In the last two years lot of consumers have seen their credit card accounts closed or their credit limits reduced, as banks tried to reduce risk exposure. Mike, a Barclay’s Bank customer from Scottsdale, Ariz., said he was surprised when his credit limited dropped, since he had never missed a payment of ever been late. He said he rarely used the card and paid the balance within two weeks.
“I then called and inquired why they were reducing my credit line by 60 percent,” Mike told ConsumerAffairs.com. I was told that my account fit into a ‘certain risk category,’ resulting in the decrease. I asked when the last time I was late or had missed a payment had occurred. ‘Never’ was the response. I asked what my balance was. ‘Zero’ was the response.
In the credit card industry, a customer like Mike is generally known as a “deadbeat,” because he has access to credit but the credit card company makes no money from him. In the first scary days after the credit crisis, Mike’s account might have looked good to the bank. At this point, however, the bank may be trying to generate more revenue and wants to assign some of that credit to a consumer who carries a balance, and thus pays interest. In other words, Mike may be being punished for his good credit management.
Remember the Alamo
One of our readers, identifying himself only as “U.S. Traveler” from Miami, Fla., is having a spat with Alamo Car Rental at Paris’ Charles de Gaulle Airport.
“When I returned the car the day of my departure, I had to rush to catch my plane,” he said. “I was instructed to put the car in a parking lot belonging to Alamo where no one was available to greet me and take the car from me. I had to go to the main counter inside the airport to return the key. I was able to barely catch my plane. Two days later, I receive an email from the manager of the rental office at Paris Charles de Gaulle stating that they could not find the GPS unit in the car and, if I do not have it with me to return it to them, they had to charge me $300.00.”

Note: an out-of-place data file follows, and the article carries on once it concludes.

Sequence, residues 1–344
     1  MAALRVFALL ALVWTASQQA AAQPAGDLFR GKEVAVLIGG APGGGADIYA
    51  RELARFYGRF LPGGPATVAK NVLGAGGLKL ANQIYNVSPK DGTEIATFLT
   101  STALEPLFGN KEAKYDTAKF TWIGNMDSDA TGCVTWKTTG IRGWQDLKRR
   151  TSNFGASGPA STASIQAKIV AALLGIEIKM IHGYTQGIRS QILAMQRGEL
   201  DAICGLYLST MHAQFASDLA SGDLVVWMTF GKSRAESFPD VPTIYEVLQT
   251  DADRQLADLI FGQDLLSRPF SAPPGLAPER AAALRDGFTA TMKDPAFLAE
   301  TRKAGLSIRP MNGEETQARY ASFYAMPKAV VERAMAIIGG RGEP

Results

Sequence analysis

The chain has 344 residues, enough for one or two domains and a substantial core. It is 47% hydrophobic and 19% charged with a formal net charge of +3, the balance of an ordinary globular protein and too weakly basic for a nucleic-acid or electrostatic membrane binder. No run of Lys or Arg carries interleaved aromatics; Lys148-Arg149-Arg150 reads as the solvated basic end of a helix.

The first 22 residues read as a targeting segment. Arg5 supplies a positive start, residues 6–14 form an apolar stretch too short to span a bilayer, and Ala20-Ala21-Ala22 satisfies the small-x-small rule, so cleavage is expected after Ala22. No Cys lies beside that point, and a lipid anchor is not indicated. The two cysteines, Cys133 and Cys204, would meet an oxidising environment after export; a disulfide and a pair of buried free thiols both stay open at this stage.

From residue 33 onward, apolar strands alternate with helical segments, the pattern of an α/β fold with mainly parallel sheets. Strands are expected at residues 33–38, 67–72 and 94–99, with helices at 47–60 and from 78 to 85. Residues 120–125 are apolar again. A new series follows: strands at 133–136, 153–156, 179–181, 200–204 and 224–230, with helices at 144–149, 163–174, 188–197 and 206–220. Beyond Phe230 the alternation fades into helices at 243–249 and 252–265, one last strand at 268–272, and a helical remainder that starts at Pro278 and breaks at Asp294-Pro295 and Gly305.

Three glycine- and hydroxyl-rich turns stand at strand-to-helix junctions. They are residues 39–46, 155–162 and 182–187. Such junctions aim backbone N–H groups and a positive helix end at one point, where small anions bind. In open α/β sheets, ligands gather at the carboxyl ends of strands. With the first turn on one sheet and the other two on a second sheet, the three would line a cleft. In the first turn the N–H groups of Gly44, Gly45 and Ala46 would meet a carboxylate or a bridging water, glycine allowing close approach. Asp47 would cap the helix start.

This is another reminder that it is risky to leave your rental car in a lot without having an attendant check you in. Something happened to the GPS between the time our reader dropped it off and the company checked it in. Alamo has no option except to hold our reader responsible. It may not be fair, but that’s the way it is. Our advice? If you are returning a rental car, it’s another good reason to get to the airport in plenty of time before your flight.
Cynthia, of Goshen, Ohio, received $80 in Kohl’s Cash on a purchase at the department store, and a few days later, returned to the store with a Kohl’s coupon for 20 percent off her next total purchase.
“I gave the 20 percent coupon to the cashier upon checkout and she asked me if I had any Kohl's cash and I said yes and handed her two Kohl's cash coupons worth $80.00,” Cynthia said. “She took the $80 Kohl's cash off first and then applied my 20 percent off coupon to the balance. I questioned why the Kohl's cash was taken off first before discount was given and she said she didn't agree with it either but it was company policy.”
Cynthia says he thinks this is unfair, and she may have a point. In her mind, the Kohl’s Cash should be treated the same as real cash. The store obviously sees it differently, and it’s somewhat surprising that they would allow both the Kohl’s Cash and the coupon to be used in the same transaction. Often times you’ll see a disclaimer on a discount promotion that says “not valid with other offers.” Chances are, the policy is spelled out in the terms and conditions of the Kohl’s Cash. If they aren’t, Cynthia should press her case, or in the future, not use Kohl’s Cash and discount coupons in the same transaction.
Hard to escape
“My wife and I were looking on the Internet for vacation deals and went to Travelocity to check prices on a trip,” John, of Wilmington, N.C., told ConsumerAffairs.com. “Now we have a $210 charge on a debit card from Simple Escapes because of a pop-up ad that opened on Travelocity’s website.”
Simple Escapes is a travel discount “membership” program marketed by Vertrue, and this particular program drew widespread complaints about unauthorized charges in the mid 2000s. John should have been clearly informed that he was entering into a membership program that would result in a charge on his credit card. If he doesn’t think he was, he should contact North Carolina Attorney General Roy Cooper.